Start With A Background Now that you have all your files gathered together in one folder, and your software installed and ready to go, you are ready to begin your scrapbook page. Lets start with a background. You can create your own background (see the tutorial on creating a background, or you can download one that is already made. Open your background in Photoshop Elements.
You will notice the background comes into the main window. There is also a thumbnail image in the bottom window, called the Project Bin, where it shows all your open files. The image is also applied to the background layer in the layers panel. Alternatively, Photoshop Elements comes with an assortment of backgrounds, graphics, frames and type that can be used for scrapbooking. These are found under the content tab located toward the upper right of the window. We will use some of the graphics and frames a little later. Once you have the background in place click on File - Save As... to save your file. Save it as a PSD and use a different name than the original photo you brought In. I like to use the original name and add "_working" to the end. That way, I preserve the original with no edits in case I ever need to use it again.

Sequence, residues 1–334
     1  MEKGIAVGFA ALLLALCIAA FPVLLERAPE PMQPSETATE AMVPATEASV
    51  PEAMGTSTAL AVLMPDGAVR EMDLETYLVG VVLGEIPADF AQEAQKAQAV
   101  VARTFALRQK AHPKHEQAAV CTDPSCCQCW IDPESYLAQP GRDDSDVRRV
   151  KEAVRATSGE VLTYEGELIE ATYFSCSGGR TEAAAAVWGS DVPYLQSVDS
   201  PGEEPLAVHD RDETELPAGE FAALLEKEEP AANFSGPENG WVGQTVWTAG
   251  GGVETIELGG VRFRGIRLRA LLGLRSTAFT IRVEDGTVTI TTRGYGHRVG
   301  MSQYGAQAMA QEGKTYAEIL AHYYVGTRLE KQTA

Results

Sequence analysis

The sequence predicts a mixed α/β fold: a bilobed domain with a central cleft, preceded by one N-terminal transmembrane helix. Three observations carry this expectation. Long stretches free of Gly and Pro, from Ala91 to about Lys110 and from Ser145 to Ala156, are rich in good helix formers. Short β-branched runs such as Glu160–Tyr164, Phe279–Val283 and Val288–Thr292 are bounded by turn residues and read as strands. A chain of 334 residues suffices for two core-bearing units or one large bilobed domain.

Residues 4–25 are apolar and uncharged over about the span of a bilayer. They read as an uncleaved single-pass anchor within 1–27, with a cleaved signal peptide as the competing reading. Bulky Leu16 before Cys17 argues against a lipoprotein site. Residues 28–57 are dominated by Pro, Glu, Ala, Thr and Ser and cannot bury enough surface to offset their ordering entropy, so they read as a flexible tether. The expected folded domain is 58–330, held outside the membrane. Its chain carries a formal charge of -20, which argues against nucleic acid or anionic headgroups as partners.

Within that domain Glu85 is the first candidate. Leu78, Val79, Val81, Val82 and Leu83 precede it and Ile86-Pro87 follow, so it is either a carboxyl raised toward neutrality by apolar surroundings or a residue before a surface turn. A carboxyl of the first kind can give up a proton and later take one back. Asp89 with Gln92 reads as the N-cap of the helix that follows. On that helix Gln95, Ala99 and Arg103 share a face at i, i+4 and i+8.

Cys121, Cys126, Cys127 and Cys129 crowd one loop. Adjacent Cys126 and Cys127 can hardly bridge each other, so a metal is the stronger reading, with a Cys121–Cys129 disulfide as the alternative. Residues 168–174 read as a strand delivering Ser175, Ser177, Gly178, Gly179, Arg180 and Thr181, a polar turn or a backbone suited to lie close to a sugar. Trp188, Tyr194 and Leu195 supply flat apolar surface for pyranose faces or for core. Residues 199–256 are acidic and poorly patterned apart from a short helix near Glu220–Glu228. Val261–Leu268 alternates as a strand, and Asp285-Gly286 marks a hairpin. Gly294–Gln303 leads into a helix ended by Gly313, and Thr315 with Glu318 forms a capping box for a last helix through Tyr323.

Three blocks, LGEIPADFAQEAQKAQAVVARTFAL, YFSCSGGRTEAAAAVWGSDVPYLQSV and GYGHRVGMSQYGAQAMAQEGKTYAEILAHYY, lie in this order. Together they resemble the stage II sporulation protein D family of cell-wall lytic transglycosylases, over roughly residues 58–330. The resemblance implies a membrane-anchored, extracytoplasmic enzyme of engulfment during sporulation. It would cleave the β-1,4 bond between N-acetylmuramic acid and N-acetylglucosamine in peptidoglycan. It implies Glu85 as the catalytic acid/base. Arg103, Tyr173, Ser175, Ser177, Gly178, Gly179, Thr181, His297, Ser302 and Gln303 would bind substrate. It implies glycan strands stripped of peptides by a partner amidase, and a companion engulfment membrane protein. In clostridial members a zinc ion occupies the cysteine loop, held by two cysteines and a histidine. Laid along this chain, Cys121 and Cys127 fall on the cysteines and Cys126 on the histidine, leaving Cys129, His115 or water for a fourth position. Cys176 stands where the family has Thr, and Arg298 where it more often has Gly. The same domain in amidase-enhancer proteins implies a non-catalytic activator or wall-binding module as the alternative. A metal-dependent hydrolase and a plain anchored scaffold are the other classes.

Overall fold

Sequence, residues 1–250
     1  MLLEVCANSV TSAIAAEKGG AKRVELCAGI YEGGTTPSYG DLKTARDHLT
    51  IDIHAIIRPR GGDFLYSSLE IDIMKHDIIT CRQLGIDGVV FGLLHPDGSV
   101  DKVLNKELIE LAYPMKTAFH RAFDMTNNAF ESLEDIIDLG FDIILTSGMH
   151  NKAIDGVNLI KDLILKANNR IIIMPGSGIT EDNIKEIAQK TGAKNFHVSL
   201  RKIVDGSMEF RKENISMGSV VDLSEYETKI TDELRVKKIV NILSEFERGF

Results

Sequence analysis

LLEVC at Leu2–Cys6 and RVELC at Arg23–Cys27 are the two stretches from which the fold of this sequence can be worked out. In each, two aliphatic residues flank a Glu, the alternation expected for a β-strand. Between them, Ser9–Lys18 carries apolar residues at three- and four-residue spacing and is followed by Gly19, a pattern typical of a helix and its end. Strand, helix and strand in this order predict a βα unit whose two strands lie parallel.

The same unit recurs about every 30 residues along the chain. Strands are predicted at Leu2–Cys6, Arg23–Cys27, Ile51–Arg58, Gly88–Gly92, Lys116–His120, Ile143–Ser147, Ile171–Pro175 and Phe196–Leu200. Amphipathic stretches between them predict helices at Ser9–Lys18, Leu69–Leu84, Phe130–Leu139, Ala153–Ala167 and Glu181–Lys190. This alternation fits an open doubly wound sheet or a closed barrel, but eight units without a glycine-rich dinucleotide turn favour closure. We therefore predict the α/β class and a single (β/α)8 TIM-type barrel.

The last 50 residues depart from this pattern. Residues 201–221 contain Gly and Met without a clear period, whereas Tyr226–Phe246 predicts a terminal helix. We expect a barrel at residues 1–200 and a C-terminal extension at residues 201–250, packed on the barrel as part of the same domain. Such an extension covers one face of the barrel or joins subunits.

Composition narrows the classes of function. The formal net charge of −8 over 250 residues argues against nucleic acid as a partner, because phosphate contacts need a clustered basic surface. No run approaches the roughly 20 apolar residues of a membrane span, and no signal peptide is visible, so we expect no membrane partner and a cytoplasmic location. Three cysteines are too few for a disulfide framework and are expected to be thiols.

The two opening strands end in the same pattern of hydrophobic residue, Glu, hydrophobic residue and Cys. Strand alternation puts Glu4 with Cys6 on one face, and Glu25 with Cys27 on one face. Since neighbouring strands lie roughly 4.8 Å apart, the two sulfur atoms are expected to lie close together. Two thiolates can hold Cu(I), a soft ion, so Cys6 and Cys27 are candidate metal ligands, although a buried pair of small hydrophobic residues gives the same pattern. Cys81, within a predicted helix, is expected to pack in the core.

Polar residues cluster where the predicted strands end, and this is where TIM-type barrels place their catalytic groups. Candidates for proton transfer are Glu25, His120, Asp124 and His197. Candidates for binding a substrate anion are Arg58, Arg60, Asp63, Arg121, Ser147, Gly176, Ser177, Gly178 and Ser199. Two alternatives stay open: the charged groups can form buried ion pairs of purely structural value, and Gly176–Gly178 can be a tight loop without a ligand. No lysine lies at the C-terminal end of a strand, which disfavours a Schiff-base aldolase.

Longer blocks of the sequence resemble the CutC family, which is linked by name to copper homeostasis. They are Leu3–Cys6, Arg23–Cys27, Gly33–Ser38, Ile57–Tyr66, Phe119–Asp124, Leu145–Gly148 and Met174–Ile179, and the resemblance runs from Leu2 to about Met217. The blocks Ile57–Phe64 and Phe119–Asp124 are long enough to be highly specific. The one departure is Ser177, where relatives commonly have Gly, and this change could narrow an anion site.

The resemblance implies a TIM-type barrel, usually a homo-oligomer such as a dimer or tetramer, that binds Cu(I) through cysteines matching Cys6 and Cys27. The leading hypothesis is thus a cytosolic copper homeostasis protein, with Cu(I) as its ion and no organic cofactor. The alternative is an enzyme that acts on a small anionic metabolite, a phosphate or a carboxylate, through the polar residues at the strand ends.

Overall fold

Bring in Additional Graphics Next, lets bring in a border graphic that we can place at the top and bottom of the scrapbook page. You can create one on your own, download one from the internet, or use some of the built in graphics or shapes available in Photoshop Elements.
It added the border image into the project bin at the bottom of the window. Double click on the background thumbnail in the project bin to bring the background into the main window.